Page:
Dec 17th, 2015
Sandy Jones lays into Trump
Words: Tim Southwell Photography: Steve Read
USA Republican Presidential candidate Donald Trump was dealt another blow to his already shaky golf tenure when PGA Chief Sandy Jones weighed in.
Jones, whose job it is to represent and support the interests of PGA professionals around the world, says the negative publicity around Trump is bad for golf.
"Sadly his political campaign in America seems to be getting in the way of all the great things golf offers," Sandy told BBC Scotland.
The PGA has always endeavored to separate golf from politics, but with Trump having offended everyone from Muslims to Mexicans in the past few months (or indeed anyone with the vague semblance of a moral compass), that has become increasingly difficult. Golfers have standards, responsibilities and opinions just like anyone else, so why should we have to ignore Trump's right wing ranting just because his comments aren't specifically about golf?
"The controversy is not a positive thing for golf," said Sandy. "Donald has built some great golf courses and has two in Scotland, in Aberdeen and at Turnberry.
"I'd prefer to see less controversy around the game and sadly Donald is producing it through his political motive, not through his golfing ones. They are bound to be linked, there is no getting away from that."
One of Trump's dreams is to see his course, Turnberry (or Trump Turnberry as it has been renamed since he bought the place) host the Open in 2020. The image of Trump getting his mitts on the famous Claret Jug and presenting it to the winner – with all the pomp and ceremony that goes with it – no longer looks likely. In fact, he's got two hopes: Bob Hope and no hope.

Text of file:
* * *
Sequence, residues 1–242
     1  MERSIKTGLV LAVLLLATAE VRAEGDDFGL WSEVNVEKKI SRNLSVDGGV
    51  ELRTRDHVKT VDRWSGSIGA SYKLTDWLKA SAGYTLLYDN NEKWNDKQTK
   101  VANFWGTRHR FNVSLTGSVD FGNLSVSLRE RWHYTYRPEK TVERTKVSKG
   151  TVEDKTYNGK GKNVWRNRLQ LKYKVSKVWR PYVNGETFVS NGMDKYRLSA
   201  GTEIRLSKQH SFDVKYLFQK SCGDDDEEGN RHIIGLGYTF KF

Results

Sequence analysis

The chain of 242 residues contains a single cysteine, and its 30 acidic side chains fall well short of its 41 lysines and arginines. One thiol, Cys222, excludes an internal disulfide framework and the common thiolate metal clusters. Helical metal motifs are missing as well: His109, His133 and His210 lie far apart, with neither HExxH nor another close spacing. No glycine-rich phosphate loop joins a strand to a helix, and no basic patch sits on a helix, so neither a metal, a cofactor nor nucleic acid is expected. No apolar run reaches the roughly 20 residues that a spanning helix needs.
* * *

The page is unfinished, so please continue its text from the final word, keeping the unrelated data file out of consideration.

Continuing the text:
The provisional 2020 date for Tunrberry to hold the Open has come about as the R&A sought to rejig the rota so that St Andrews, the Home Of Golf, could host the 150th championship the following year.
"I'm sure the R&A will be managing that situation very cautiously," said Sandy, "as they need to do and try to keep golf away from the political scene.
"An announcement to play at Turnberry would cause a huge political uproar. I'm sure they'll come to the right conclusion at the end of the day."
The biggest losers in all this will be us, the golf fans. Turnberry is one of golf's great iconic venues with a golden history.
Turnberry's first Open in 1977 gifted us the legendary Duel In The Sun, the dramatic and jaw-droppingly brilliant battle between Tom Watson and Jack Nicklaus. Nine years later in 1986 Greg Norman produced the finest four days of driving anyone had ever seen in winning the championship. Then Nick Price won in 1994 and, errm.. Stewart Cink walked away with the Claret Jug in 2009, though even his wife wanted Tom Watson to realise the unthinkable and become the oldest ever winner.
What would 2020 have brought? A tear-jerking Tiger comeback? A British winner? Or another unlikely American like Smiley Kaufman? One thing's for sure, Donald Trump will not be handing them the Claret Jug.